The way we think is not just happenstance. In actuality, most of our thought patterns are deeply ingrained. I wake up every morning, knowing how to get a cup of coffee, get dressed and get ready for the day without having to really think about how or why I do these things. The same goes for a lot of the rest of your life — even if you are actively thinking about something or trying to solve a problem, chances are, you’ll use the same logical thought patterns that have worked for you in the past.
For the most part, this is a good thing because it means that you don’t have to relearn how to live each and every day. But, when it comes to creativity, like photography, these thought patterns can become a major hindrance because they don’t really allow for new ways of doing things.
To break out of these patterns, you’ll need to start approaching your art from totally different angles. One great way to do this is to make unusual combinations. You probably remember, as a child in science class, mixing baking soda and water. It’s an unusual combination — one, a liquid, an acid, the other a solid, a base. But combining these two things results in a violent chemical reaction that has fascinated people for decades.
Making unusual combinations in photography is similar to this. Eventually, you’ll land on the right formula and that is where the magic happens. Read on, and I’ll show you some exercises that will help you make discover those unusual, art-worthy combinations.
Groups of images that tell a story are a popular thing to do among photographers, so this one sounds almost like a no-brainer. But, I’m not asking you to create the typical series of images. Instead, what I’m asking you to do is to create a series of wholly unrelated images that still unite to tell a story. The best way to go about this is to pull unrelated images from your archives, but if you just don’t have an image that you’d really like to add to the collection, of course, you can go out and create a new one.
As I’ve said, the point of this exercise is to make unusual combinations. So, for instance, you don’t want to make a series comprised of photos from different sports games. Instead, choose photos with unrelated subject material — a tree, a car, a person and so on. Find relationships between each different subject or each different photo, and use those relationships to tell a story of your own. As you do this, you’ll start asking yourself, “How does this tree relate to that person?” or “How does a car relate to a basketball?” In the answers, you’ll find art.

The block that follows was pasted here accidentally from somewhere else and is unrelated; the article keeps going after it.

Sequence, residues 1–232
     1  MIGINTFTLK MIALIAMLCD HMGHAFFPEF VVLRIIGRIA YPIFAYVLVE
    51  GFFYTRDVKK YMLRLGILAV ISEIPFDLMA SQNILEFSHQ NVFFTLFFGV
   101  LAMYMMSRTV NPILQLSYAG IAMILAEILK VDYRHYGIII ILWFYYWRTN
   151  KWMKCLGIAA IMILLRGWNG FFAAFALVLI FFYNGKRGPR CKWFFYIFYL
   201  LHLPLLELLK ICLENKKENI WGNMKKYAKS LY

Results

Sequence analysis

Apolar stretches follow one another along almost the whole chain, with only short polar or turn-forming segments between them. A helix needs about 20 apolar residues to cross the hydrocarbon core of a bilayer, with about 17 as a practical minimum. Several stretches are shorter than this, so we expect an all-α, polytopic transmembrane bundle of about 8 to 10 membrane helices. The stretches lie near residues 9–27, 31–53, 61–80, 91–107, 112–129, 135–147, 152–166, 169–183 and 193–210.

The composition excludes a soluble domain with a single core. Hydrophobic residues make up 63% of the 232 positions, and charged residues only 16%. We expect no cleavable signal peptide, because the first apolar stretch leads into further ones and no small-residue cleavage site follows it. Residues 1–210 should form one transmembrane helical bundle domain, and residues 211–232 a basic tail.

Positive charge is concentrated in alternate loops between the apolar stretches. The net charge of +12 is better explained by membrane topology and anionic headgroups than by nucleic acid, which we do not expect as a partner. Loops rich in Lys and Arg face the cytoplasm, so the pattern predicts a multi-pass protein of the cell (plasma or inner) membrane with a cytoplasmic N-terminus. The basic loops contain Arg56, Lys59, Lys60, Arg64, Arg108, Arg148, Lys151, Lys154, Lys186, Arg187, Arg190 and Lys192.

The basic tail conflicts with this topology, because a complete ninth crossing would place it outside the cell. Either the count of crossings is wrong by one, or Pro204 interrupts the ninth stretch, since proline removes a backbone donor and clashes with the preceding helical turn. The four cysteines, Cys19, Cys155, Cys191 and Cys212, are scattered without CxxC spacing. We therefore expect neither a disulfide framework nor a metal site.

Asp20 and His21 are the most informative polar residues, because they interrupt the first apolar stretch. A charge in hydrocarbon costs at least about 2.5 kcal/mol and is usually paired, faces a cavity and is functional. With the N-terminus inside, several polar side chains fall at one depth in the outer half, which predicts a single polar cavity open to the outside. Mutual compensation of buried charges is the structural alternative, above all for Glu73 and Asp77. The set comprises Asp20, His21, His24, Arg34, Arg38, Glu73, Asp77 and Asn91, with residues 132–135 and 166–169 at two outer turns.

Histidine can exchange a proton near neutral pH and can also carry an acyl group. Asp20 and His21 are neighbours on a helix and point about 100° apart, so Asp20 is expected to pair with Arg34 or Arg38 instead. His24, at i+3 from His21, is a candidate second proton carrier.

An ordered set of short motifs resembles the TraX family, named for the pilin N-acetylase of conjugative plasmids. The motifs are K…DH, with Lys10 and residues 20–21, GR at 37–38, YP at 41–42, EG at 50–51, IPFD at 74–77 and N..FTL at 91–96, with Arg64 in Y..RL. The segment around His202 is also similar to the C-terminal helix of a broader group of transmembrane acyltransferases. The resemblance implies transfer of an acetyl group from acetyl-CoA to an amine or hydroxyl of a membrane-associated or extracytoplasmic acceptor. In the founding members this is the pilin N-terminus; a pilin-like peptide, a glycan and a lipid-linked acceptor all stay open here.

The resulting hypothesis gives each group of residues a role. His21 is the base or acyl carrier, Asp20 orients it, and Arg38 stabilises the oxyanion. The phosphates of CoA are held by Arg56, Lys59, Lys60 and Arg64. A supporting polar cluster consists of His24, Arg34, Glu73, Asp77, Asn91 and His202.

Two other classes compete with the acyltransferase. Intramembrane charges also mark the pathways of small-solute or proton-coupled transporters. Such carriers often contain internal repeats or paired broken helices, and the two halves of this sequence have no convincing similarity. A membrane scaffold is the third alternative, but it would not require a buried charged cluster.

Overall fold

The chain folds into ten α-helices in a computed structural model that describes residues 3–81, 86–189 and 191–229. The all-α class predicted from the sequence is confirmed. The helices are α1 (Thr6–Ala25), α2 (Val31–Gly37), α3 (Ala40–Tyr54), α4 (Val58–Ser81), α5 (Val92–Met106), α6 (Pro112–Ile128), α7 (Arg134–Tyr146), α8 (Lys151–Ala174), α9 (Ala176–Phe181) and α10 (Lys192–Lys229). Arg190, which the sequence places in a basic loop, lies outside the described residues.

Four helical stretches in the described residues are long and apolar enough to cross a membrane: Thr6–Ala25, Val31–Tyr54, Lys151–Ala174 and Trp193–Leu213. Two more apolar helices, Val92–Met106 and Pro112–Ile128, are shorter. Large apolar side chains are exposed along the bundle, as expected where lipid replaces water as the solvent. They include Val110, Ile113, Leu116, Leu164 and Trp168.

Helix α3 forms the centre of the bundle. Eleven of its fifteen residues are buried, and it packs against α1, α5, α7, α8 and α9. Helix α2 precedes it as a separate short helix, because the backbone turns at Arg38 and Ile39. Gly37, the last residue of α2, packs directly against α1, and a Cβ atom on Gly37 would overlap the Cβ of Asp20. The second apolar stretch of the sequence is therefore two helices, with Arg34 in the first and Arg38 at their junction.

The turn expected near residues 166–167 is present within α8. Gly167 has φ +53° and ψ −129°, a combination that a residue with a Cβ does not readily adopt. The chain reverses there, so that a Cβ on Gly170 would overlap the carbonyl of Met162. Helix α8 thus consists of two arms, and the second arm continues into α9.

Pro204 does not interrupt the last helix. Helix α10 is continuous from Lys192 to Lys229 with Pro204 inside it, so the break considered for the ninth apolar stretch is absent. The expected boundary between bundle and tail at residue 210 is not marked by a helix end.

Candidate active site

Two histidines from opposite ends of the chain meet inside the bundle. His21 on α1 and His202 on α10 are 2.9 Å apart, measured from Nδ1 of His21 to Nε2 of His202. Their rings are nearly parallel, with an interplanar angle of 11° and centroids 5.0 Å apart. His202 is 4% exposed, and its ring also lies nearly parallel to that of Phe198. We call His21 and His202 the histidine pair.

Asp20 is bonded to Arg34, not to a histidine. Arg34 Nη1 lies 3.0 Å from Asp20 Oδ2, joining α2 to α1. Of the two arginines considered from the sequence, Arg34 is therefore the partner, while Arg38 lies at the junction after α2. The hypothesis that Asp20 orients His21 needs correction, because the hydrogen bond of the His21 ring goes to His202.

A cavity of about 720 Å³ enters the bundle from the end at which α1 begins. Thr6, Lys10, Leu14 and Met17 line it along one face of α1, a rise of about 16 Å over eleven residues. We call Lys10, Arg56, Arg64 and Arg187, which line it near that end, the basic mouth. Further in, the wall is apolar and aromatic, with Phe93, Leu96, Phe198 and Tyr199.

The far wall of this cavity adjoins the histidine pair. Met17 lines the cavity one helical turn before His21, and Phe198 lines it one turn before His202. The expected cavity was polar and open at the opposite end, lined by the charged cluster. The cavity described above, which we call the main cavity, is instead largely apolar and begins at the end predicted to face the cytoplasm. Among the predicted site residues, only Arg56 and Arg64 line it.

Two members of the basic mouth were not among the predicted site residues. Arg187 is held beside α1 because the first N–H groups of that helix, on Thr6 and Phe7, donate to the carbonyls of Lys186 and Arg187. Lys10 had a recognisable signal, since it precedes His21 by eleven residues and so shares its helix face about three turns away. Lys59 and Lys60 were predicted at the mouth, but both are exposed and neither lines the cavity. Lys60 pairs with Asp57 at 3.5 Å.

Another great way to combine the unusual is to combine unusual themes. Now, many photographers have already done similar, which is why you’ll quite often find photos illustrating such things as nature versus the industrial or young versus old. For this exercise, if you know that a pair of themes happens to be common, I’d recommend steering clear of those themes and instead focus on two unrelated themes of your own choosing. Perhaps something like nature versus sports or architecture versus food. As with the first exercise, you’ll want to search for the relationships between these uncommonly paired themes in order to find the photograph.
This is one of my favorite exercises. All you need to do is choose a word — any word, your favorite word, a word that caught your eye in the dictionary, or a word chosen for you randomly. Then, write that word down on a card and put it in your camera bag so that every time you reach for your camera, you’re reminded of the word. Whenever you go out, take pictures that represent the word to you.
As an example, let’s say you chose the word “strength.” What does strength mean to you? Is it a mighty tree or a centuries-old bridge that people still use today? Maybe it is a powerful horse charging through a pasture or a chunk of iron that rusts but refuses to break. Whatever your chosen word is, you’ll certainly find a variety of things that seem unrelated, but in reality, are all united in that they represent the meaning of your chosen word. And again, as with the other exercises, this shows you how to build a connection between things that people normally wouldn’t connect.
The final way that I would suggest for you to make combinations is a bit different from the other three suggestions. If you’re up for it, combine photography and writing. You can do this in one of two ways: Either take a photo and write about it, or do some creative writing and then search for photos to match. I tend to prefer the second method simply because once the writing is done, you’ll be forced to look in unusual places for a matching image.
When it comes to the actual writing, it could be anything — there is no need to limit yourself to one genre or one type of writing. Write a poem or prose, write an essay, short or long, or make haikus. The whole point is to get you to expand your creativity in an organic way so that you can break away from any rigid thought patterns that may be holding you back.
For so many aspects of our lives, thought patterns are necessary and that is why it can be such a difficult thing to overcome when it comes to creativity. Use one or all of these exercises — and repeat them as many times as you like — and you’ll soon find yourself putting wonderful ideas together!